Inquirer debunks attempt to sanitize Marcos

Cleaning up Marcos

Philippine Daily Inquirer
September 14th, 2016

ON SEPT. 11, the Official Gazette of the Philippines decided to mark the 99th birth anniversary of the late dictator Ferdinand E. Marcos, by releasing a graphic. What could possibly go wrong? As it turns out: Almost everything.

The graphic produced by the Gazette carried a photo, a quote, and a caption. Under sustained social media criticism, the caption went through three editions—each one deeply problematic both because of what was included and what was left out.

The first version stirred controversy because it failed to describe Marcos for what he was, the architect of what he himself was proud to call “constitutional authoritarianism.” In other words, there was nothing in the graphic to suggest that Marcos was an authoritarian who changed the Constitution to entrench himself in power.

Instead, we got euphemisms like this: “He was the longest-serving President of the country for almost 21 years.” Withering feedback on social media channels was quick to point out that Marcos had engineered the declaration of martial law in 1972, just before his second and final presidential term under the old Constitution was up. THAT was the reason he became, in the new Official Gazette’s view, the “longest-serving President.”

The first version referenced the military rule that allowed him to “serve” until 1986. “In 1972, he declared Martial Law to suppress a communist insurgency and secessionism in Mindanao.” This is only partly true.

The communist insurgency he used as an excuse was but an incipient movement; by 1986, the insurgency had spread throughout the country and grown to 24,000 regulars. The Mindanao secessionist movement was provoked by Marcos’ own interventionist plan. Marcos’ own diaries revealed that he was planning the imposition of martial law from the start of his second presidential term, all the way back in 1969.

The first caption also offered a version of history that manages to praise the dictator. “In 1986, Marcos stepped down from the presidency to avoid bloodshed during the uprising that came to be known as ‘People Power’.” This is the exact opposite of what transpired: Marcos did not try to avoid bloodshed.

In fact, he called on the military to attack the mutineers and their civilian supporters on Edsa. Also, he did not step down, but was—in the chaos of a Palace surrounded by protesters and enveloped by panic, on the long night of Feb. 25, 1986—ousted.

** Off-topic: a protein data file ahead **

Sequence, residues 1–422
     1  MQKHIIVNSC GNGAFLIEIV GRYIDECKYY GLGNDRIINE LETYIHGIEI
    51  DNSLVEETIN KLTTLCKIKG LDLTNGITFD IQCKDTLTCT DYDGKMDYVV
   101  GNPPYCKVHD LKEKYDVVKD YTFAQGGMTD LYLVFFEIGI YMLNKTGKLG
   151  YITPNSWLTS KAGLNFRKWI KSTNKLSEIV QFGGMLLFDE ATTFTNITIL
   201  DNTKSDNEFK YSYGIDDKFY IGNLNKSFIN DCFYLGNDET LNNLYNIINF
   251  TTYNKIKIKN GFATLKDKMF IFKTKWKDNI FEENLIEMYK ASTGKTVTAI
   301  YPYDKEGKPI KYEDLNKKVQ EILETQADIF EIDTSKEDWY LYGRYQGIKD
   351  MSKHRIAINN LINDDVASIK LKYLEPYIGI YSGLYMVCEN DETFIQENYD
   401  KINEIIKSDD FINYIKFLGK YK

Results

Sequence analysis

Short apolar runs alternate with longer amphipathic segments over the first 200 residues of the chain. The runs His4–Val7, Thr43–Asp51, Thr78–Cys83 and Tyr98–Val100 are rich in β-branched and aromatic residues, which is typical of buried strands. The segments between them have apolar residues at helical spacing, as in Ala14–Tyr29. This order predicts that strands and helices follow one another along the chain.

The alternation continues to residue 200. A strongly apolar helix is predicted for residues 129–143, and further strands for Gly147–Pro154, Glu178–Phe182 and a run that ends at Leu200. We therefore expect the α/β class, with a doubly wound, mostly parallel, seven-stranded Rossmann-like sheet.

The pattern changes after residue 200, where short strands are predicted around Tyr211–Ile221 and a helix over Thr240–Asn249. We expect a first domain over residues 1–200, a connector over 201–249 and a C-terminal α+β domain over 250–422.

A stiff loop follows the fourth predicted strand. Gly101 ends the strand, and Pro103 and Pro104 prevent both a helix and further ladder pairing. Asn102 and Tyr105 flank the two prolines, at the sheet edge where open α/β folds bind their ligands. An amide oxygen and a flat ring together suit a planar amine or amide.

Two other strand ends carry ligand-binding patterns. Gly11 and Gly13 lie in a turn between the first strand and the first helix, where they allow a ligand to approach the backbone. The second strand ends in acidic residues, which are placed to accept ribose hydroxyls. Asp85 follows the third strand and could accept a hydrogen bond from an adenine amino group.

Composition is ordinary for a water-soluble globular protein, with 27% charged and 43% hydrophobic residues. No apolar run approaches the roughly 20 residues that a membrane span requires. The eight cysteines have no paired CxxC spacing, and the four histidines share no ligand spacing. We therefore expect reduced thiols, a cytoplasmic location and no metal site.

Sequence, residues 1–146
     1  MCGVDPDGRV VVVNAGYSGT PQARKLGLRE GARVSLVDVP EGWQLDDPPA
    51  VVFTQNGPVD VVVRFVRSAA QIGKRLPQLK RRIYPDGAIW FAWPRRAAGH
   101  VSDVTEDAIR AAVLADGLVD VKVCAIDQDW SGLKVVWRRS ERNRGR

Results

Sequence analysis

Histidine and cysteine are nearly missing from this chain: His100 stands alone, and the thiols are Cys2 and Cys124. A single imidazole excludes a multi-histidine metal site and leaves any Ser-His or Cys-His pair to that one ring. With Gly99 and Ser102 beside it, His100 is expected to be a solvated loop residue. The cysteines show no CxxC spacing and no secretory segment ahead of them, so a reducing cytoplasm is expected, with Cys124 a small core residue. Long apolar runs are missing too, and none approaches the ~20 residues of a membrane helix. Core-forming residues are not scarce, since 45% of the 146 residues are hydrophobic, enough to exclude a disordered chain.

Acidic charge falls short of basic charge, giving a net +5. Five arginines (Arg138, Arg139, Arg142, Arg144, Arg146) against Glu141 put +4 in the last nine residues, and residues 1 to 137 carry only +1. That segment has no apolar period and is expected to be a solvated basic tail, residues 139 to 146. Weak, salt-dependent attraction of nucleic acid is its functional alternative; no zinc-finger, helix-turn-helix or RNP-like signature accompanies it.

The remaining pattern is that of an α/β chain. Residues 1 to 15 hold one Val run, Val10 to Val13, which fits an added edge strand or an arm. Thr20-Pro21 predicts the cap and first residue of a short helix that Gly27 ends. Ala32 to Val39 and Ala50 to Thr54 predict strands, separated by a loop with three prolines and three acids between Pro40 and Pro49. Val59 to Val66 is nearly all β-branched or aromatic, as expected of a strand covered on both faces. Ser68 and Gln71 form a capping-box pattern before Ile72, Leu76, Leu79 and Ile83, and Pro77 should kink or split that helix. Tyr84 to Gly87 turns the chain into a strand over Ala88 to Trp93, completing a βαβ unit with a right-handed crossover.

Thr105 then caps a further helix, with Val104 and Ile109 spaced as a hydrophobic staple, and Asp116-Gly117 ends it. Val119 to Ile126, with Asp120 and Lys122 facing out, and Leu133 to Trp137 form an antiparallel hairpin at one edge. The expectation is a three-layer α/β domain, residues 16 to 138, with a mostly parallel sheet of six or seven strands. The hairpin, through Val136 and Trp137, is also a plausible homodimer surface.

The second version of the caption removed the mention of avoiding bloodshed (perhaps because the video and documentary record is clear that Marcos gave orders to attack). But this attempt at airbrushing history was seen, too, and denounced.

Finally, a third version of the caption was tried; the second paragraph on the declaration of martial law supposedly to suppress the communist insurgency and the third paragraph on “stepping down” from the presidency were deleted. The first paragraph was tweaked to include the following last sentence: “He was the longest-serving President of the country for almost 21 years, declaring Martial Law in 1972 then went to exile to the United States in 1986 at the height of the People Power Revolution.” And a new one-sentence paragraph was added: “He was succeeded by Corazon Cojuangco Aquino.”

The third version managed to correct one error present in the two previous versions. Marcos started his first term as president in 1965, not 1966. (In those days, elections were held in November and presidential terms began on Rizal Day, Dec. 30.) But other infelicities remained.

The main problem persisted, too: The Official Gazette had failed to take the full measure of the Filipino politician characterized in both law and jurisprudence as an authoritarian leader, whose regime was marked by thousands of extrajudicial killings, tens of thousands of human rights abuses and the wholesale plunder of the economy.

The neutral-seeming language the Gazette chose to use is a clumsy way to clean up Marcos’ image: He was not the longest-serving President, but rather a dictator who kept his grip on power; it is not true that he “went to exile to the United States (sic),” he was SENT into exile, by a popular uprising.

Now why would the Official Gazette under an administration that seeks to remember the atrocities of the Americans a hundred years ago attempt to cover up the atrocities of the Marcos regime—when these happened only a generation ago?

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